Understanding the Holy Month of Ramadan


Growing up and celebrating our Holy days, with all their traditions, is the best time of the year in Egypt. It brings the same joy as the Christmas season here in the United States.

However, raising two girls in the U.S. but trying to recreate the same feeling I had during holy days back home was one of the hardest parts of moving away from Egypt.

Trying to explain all the traditions and recreating the community aspect was difficult. My daughters were particularly confused around Christmastime, with the annual questions of “Why don’t we celebrate it?” “Why don’t we have a tree?” and “Why don’t we get gifts?”

However, trying to explain the aspect of fasting during the Holy month of Ramadan was the cherry on top.

Without access to traditional family gatherings and special sweets, I found and made recipes, hosted an annual gathering for close friends on the first day. I tried to create as much joy as I could — away from my childhood home.

The holy month of Ramadan is the ninth month in the Muslim lunar calendar, which is 11 days shorter than the standard Gregorian calendar. Because of this, Ramadan starts 11 days earlier each year. This year, Ramadan will start on April 2nd.

Ramadan is a holy month consisting of fasting, introspection, and prayer.

During this time, Muslims abstain from eating any food, drinking any liquids, smoking cigarettes, and engaging in sexual activity from dawn to sunset.

The struggle is real… ☺

It is celebrated as the month during which prophet Muhammad (peace be upon him) received the initial revelations of the Quran, the holy book of Muslims. It is one of the five pillars of Islam, along with prayer, pilgrimage to Mecca, giving compulsory charity (zakat), and saying a declaration of faith known as the shahada.

Fasting allows Muslims to devote themselves to their faith and come closer to Allah, or God.

It teaches us to practice self-discipline, self-control, sacrifice, and empathy for those who are less fortunate.

Thus, this process encourages actions of generosity and fulfilling the pillar of zakat.

Fasting is not obligatory for several groups, including people with medical conditions, the elderly, and women who are nursing, pregnant, or menstruating. Fasting is mandatory for whoever reaches puberty, and those who miss days of fasting typically have to make them up before the next Ramadan.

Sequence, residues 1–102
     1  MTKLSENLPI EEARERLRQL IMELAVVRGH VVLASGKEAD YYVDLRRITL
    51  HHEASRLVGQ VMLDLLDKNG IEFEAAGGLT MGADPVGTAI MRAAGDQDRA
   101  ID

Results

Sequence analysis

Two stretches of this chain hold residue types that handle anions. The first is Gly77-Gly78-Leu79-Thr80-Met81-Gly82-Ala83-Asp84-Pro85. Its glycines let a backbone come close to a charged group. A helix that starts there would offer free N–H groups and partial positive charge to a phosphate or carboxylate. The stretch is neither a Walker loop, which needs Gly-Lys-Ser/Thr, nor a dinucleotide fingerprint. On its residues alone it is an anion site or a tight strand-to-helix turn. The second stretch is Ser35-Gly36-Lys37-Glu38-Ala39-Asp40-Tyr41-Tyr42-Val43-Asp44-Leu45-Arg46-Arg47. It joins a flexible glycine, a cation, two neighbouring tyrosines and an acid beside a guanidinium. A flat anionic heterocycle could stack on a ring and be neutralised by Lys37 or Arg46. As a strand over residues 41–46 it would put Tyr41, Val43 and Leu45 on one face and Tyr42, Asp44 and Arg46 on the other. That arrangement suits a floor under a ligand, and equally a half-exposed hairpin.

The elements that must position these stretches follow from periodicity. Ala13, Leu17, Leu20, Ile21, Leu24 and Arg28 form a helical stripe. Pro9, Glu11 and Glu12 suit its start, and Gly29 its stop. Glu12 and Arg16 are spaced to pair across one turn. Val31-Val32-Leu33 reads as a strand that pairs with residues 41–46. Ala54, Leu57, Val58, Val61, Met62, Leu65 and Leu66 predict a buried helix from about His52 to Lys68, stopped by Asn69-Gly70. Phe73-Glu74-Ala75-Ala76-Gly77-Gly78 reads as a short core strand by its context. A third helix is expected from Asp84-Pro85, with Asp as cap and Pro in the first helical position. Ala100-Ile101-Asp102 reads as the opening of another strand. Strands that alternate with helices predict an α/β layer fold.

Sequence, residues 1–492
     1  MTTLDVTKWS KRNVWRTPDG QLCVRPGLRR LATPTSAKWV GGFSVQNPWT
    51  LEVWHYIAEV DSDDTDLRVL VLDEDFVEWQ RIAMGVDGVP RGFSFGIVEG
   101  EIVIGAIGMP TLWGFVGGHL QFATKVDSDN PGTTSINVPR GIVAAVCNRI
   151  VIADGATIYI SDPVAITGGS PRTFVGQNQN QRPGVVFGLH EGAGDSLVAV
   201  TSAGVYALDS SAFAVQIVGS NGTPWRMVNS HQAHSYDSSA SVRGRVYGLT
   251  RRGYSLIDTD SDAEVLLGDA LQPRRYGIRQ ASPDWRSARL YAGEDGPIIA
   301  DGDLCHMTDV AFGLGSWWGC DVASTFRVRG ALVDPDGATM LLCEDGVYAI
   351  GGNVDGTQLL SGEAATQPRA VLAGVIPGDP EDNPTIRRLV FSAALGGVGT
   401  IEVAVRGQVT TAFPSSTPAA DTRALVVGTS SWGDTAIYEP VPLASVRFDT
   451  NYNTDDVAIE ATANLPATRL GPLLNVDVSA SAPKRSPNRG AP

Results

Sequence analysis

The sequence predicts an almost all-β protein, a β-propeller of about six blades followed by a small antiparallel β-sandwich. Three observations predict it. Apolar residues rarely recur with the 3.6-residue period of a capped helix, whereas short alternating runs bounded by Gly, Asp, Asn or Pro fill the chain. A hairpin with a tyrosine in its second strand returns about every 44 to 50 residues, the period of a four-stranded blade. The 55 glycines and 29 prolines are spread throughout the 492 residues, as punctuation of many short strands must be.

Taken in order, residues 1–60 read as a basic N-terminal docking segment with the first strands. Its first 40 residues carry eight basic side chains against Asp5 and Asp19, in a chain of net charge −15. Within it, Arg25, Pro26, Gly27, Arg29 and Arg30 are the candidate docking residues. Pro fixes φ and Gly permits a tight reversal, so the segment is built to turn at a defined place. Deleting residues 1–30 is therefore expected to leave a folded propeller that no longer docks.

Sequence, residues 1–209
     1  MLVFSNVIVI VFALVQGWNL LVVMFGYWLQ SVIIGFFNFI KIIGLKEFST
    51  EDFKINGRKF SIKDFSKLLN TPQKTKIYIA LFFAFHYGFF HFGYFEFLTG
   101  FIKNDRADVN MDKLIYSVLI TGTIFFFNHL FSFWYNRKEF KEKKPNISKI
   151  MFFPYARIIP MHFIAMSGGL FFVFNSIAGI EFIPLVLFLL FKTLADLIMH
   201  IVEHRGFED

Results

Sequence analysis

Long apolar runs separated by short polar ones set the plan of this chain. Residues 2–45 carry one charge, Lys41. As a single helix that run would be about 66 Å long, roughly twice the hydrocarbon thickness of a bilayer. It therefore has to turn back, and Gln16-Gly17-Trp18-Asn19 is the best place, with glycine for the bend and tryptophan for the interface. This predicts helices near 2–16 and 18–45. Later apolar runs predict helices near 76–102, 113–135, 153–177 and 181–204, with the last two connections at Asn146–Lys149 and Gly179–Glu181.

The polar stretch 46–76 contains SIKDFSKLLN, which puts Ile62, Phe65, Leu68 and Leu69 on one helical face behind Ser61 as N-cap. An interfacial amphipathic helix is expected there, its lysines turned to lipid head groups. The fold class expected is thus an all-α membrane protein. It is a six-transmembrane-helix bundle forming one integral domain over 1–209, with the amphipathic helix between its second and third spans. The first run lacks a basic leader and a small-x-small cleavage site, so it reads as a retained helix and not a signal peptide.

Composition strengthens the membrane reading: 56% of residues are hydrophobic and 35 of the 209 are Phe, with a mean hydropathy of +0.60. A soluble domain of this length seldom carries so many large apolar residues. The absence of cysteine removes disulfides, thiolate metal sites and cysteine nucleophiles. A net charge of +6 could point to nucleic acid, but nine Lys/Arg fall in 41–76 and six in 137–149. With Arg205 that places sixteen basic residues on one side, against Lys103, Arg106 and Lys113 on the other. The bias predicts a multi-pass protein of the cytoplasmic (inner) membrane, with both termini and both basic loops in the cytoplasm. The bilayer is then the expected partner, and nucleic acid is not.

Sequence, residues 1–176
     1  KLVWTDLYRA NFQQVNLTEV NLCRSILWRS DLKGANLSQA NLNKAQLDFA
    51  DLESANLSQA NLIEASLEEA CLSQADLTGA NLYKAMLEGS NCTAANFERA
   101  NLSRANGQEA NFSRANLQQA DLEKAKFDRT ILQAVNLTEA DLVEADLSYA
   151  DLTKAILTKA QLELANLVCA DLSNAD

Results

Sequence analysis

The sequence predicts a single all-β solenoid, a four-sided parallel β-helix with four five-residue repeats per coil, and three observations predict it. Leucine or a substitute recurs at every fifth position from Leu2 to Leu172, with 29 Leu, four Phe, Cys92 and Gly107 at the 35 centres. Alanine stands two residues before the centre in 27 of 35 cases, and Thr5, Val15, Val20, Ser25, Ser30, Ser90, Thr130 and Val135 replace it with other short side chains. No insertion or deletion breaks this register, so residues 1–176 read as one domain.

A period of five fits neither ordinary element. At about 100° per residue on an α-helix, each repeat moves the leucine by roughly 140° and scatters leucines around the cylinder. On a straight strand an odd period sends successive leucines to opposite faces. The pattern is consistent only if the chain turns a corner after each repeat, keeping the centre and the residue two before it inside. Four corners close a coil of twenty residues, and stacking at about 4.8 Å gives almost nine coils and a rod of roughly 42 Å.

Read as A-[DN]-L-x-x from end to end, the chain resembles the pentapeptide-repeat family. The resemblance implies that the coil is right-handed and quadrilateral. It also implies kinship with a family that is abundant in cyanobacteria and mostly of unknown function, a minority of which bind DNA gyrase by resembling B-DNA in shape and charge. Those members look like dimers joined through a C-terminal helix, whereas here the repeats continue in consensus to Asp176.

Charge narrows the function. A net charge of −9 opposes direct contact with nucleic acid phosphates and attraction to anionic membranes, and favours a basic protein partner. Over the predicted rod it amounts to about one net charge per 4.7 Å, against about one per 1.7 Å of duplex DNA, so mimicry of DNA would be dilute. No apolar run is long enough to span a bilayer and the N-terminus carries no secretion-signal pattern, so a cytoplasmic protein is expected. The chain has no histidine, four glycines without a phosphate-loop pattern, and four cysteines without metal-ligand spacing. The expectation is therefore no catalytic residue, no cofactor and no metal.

“Eid-Al-Fitr” is the first day of the Islamic month of Shawal, marking the end of fasting. It is celebrated with family and friends and is filled with special traditional cookies and gift exchanges.

We exchange Ramadan greetings by saying “Ramadan Kareem” or “Ramadan Mubarak,” which means have a generous or a blessed Ramadan.


Frequently Asked Questions:

1) “So, you don’t eat or drink for 30 days?!”

As mentioned above, from dawn to sunset only.

2) “Must be a great way to lose weight!”

It has never happened, and it never will! 

We have traditional mouthwatering sweets, and we eat large meals early in the morning and late at night. Paired with a long period of low activity, fasting can actually impair your metabolism. Other than when we were quarantined due to the COVID-19 pandemic, it is a time for family gatherings. That means BIG feasts.

In Pensacola, there are two Islamic centers and a large Muslim community. Usually, we have daily Iftar (the meal at sunset or the break of fasting) and can spend time together after prayer as a community. All are welcome to join us for Iftar (the meal we eat at sunset to break our fast) at the Islamic Center of Northwest Florida (3445 E. Johnson Avenue).

If you would like to try a traditional Middle Eastern dish with your family during this season of Ramadan, click here for a recipe to make Knafeh Nabulseyeh.

Wishing all who celebrate, a “Ramadan Mubarak.”

Ramadan Mubarak

Guest Contributor: Abeer Abutaleb

Born and raised in Egypt, Abeer moved to the United States and settled in Pensacola in 2008. She worked as a hospital specialist at Baptist Healthcare until January 2021. Abeer is married to Tarek Eldawy, an oncologist at Ascension Sacred Heart Hospital. She has two daughters: Dina (24 years old) graduated from Syracuse University and received her Master’s degree from Oxford (UK); Nada (21 years old) graduated from the University of Michigan in 2021 and is currently working with Americorps in New York City. Abeer is a member of the Islamic Center of Northwest Florida.


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